Master Grants Petitioners’ Motion for an Award of Attorneys’ Fees and Costs Following Rejection of Petitioners’ Challenge to Validity of Wills, Cites the Existence of Probable Cause and Exceptional Circumstances

Delaware Fiduciary Litigation Blog

Posted June 29, 2015

IMO the Last Will & Testament of Wilma Kittila, deceased C.A. No. 8024-ML (June 24, 2015)

Master LeGrow, in a recent final post-trial report, granted a motion for an award of attorneys’ fees and costs to petitioners. The motion was preceded by a judgment against the petitioners regarding the validity of Wilma Kittila’s last will and testament. We addressed that judgment in a recent blog post. To access our earlier blog post for more detailed information about the facts of the case, please go to:

The petitioners sought an award of attorneys’ fees and costs from the estate on the basis that they had demonstrated the required “probable cause plus exceptional circumstances” that allows for deviation from the American Rule that each party bear its own expenses. The Master explained that, considering only the petitioners’ evidence and not the estate’s evidence, the petitioners had probable cause to challenge the wills because they provided a prima facie case that the challenged wills were invalid. The Master referenced an expert’s report, the testimony of an experienced psychiatrist, evidence of the decedent’s abrupt change in personality and treatment of the petitioners, and the decedent’s cause of death (dementia), as important factors supporting the determination that probable cause existed.

Additionally, the petitioners had to show that there were exceptional circumstances demonstrating “the special equities which would make a failure to shift the burden onto the estate unfair.” (citation omitted). The Master explained that the Court’s decision “that Wilma had testamentary capacity and was not susceptible to undue influence,” was neither “easy nor readily apparent at the outset of [the] case,” and that “unusual circumstances” made “this case one in which the estate should bear some portion of the cost for the challenge to the will.” Several factors, including the decedent’s unusual behavior in the final years of her life, the guardianship imposed on the decedent, and false statements made by the executor of the decedent’s estate, persuaded the Court that the estate should be required to bear the burden of some of the costs resulting from the petitioners’ challenge to the validity of the decedent’s wills.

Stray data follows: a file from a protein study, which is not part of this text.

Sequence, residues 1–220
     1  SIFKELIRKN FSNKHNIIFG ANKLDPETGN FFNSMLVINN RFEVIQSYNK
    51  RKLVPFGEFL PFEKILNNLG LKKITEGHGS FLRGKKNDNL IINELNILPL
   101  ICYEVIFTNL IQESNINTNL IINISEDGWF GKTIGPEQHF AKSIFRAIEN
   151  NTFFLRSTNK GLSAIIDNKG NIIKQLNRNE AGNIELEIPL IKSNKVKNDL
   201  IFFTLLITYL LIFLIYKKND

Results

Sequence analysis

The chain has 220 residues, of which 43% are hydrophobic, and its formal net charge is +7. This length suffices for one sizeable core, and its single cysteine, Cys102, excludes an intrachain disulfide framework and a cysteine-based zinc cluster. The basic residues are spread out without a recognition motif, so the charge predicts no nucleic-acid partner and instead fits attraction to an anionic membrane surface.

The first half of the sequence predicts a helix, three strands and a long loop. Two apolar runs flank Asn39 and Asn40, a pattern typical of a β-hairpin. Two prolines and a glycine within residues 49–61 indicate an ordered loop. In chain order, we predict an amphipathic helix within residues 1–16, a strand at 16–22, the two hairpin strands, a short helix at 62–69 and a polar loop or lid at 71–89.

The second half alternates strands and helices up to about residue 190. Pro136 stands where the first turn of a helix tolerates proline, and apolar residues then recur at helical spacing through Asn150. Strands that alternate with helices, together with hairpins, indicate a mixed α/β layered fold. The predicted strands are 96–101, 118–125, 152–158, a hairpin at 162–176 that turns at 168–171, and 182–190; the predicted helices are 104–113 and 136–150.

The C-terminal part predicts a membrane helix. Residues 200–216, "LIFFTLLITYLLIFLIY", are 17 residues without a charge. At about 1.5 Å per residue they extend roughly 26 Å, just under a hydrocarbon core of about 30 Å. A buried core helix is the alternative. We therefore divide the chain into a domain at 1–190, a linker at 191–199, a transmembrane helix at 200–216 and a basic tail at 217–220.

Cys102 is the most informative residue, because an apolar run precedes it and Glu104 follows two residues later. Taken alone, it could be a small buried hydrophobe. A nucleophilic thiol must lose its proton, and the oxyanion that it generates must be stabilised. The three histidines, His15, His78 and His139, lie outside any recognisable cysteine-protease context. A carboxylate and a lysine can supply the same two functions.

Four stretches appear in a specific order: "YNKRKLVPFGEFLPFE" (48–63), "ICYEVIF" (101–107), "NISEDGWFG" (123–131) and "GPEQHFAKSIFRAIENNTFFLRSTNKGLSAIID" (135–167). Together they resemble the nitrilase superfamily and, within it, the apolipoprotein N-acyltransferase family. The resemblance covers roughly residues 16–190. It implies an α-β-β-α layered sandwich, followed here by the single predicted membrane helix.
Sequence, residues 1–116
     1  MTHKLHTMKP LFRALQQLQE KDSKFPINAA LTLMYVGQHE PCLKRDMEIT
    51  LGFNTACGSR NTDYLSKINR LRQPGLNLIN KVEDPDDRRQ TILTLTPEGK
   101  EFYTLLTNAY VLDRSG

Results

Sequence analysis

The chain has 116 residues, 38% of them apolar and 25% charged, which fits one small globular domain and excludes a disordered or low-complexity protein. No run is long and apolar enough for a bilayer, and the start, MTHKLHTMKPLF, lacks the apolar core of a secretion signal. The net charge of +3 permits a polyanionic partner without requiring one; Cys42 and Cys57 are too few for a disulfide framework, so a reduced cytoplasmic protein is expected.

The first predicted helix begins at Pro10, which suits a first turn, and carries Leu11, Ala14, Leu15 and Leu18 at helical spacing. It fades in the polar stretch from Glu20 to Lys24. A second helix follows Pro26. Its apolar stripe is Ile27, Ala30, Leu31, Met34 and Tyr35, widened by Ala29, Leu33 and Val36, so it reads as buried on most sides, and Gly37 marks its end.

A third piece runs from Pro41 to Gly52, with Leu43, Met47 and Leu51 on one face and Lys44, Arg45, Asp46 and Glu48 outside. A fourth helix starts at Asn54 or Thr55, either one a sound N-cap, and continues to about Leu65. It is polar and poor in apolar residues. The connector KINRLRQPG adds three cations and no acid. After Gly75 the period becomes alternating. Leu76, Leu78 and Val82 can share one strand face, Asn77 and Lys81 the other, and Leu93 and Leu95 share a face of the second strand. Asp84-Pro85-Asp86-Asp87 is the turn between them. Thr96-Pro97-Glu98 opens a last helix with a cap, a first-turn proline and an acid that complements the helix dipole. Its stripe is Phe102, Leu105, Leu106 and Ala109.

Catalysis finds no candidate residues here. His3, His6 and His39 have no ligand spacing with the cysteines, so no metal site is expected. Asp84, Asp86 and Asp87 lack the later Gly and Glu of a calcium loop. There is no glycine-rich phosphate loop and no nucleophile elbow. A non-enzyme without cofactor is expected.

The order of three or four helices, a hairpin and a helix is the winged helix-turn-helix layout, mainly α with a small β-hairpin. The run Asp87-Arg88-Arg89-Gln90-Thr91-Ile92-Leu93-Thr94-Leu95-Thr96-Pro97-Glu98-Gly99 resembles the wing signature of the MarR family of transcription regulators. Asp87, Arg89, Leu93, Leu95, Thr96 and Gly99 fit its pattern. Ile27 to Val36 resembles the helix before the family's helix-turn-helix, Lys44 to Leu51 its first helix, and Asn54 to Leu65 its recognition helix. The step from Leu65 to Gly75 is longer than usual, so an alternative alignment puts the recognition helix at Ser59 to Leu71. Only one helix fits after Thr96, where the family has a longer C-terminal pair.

The petitioners did not include in their motion a requested amount for attorneys’ fees and costs. The Master therefore ordered the parties to convene “to attempt to reach an agreement regarding the amount of fees to be paid by the estate,” to be determined by comparing “the relative size of the estate to the amount of the fee request.”


William M. Kelleher, Director
Gordon, Fournaris & Mammarella, P.A.
Henry Meldrum – Law Clerk